One third of the general population may experience reflux symptoms, yet only a small fraction of patients with gastroesophageal reflux disease (GERD) have Barrett's esophagus. The aim of the present study was to compare the characteristics of GERD patients with and without Barrett's esophagus and identify potential risk factors for the appearance of Barrett's esophagus in reflux disease. Outpatients from a gastroenterology clinic who underwent upper gastrointestinal endoscopy, esophageal manometry, and 24-hr pH monitoring were recruited into a case-control study. A total of 256 case subjects with endoscopically and histologically proven Barrett's esophagus were compared to a control group of 229 subjects with nonerosive reflux disease. As compared to nonerosive reflux disease, Barrett's esophagus was strongly associated with more reflux episodes. Barrett's esophagus occurred more frequently among subjects with hiatus hernia and among subjects who consumed large amounts of alcohol or cigarettes. Frequent reflux episodes, hiatus hernia, smoking, and alcohol consumption were also risk factors for an increased length of Barrett's mucosa. Total esophageal mucosal acid contact time at pH < 4 was a significant risk factor for the length but not the presence of Barrett's esophagus. Intake of aspirin or NSAIDs was similar in patients with and without Barrett's esophagus. In conclusion, in comparison with nonerosive reflux disease, Barrett's esophagus is characterized by risk factors usually indicative of severe types of GERD. Mechanisms in addition to acid reflux must contribute to the development of Barrett's esophagus.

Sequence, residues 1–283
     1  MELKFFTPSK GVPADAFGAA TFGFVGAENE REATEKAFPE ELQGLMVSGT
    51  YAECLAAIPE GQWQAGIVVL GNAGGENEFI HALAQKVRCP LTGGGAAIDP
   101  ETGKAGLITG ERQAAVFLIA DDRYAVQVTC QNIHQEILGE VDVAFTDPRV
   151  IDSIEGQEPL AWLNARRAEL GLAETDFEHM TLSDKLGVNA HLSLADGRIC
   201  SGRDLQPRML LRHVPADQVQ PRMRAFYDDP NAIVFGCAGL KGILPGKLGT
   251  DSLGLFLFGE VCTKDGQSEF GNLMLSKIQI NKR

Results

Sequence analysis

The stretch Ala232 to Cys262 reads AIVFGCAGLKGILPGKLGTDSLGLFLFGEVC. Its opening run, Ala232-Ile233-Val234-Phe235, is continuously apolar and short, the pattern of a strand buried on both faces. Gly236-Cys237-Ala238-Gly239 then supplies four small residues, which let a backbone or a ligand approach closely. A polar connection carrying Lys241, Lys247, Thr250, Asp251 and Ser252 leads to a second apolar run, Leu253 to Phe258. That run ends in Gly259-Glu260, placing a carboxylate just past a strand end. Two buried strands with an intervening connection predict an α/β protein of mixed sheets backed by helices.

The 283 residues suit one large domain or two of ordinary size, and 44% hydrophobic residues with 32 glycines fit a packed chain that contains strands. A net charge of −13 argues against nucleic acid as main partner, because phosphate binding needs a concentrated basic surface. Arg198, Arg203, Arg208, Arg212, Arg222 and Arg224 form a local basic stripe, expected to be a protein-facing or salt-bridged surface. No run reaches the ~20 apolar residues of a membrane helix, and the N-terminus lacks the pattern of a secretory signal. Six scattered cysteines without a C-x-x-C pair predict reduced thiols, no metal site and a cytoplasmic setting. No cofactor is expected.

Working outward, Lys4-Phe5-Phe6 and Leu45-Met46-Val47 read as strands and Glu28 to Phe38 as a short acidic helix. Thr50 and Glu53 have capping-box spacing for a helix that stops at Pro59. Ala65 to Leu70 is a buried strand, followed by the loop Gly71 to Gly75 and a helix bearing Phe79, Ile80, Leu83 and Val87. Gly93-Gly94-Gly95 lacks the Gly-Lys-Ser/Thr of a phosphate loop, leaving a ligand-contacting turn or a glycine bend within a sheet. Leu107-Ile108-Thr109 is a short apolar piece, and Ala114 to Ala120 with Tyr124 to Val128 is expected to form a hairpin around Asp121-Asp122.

- Alcohol consumption
- Cigarette smoking
- Esophageal pH-monitoring
- Gastroesophageal reflux disease
- Hiatus hernia
- Intestinal metaplasia
- Lower esophageal sphincter pressure